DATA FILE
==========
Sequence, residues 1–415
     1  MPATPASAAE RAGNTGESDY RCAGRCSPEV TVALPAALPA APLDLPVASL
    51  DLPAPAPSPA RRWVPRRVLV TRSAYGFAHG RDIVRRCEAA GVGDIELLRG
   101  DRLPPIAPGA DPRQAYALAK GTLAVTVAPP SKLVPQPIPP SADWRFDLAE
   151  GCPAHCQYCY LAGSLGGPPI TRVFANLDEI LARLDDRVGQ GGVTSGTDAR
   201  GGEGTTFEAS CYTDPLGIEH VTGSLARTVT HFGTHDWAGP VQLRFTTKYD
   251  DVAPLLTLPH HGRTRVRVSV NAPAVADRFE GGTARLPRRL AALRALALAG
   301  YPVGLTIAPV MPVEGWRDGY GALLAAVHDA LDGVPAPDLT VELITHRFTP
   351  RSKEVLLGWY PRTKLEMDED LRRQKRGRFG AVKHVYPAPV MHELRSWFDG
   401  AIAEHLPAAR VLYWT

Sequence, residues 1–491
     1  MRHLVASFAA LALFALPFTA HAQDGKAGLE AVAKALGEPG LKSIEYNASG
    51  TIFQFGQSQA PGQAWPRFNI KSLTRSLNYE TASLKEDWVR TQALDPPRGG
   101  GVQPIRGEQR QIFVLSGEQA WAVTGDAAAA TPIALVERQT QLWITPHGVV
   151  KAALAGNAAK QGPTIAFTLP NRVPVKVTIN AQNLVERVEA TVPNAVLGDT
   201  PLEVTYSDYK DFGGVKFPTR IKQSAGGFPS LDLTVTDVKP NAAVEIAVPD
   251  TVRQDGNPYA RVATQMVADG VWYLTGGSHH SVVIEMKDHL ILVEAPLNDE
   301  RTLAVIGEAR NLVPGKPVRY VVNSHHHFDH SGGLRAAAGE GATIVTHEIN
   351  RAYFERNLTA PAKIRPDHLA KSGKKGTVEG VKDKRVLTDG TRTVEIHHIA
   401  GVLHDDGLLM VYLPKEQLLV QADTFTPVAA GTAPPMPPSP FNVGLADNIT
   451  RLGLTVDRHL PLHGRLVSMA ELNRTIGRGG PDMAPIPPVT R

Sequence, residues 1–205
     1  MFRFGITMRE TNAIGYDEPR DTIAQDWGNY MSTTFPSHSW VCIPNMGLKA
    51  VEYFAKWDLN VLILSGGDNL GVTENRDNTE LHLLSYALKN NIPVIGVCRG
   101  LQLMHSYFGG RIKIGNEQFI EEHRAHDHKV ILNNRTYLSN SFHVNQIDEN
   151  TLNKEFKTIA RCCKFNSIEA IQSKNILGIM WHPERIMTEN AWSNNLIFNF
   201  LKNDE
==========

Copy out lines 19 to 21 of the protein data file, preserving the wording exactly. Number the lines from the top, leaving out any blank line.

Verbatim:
   351  RAYFERNLTA PAKIRPDHLA KSGKKGTVEG VKDKRVLTDG TRTVEIHHIA
   401  GVLHDDGLLM VYLPKEQLLV QADTFTPVAA GTAPPMPPSP FNVGLADNIT
   451  RLGLTVDRHL PLHGRLVSMA ELNRTIGRGG PDMAPIPPVT R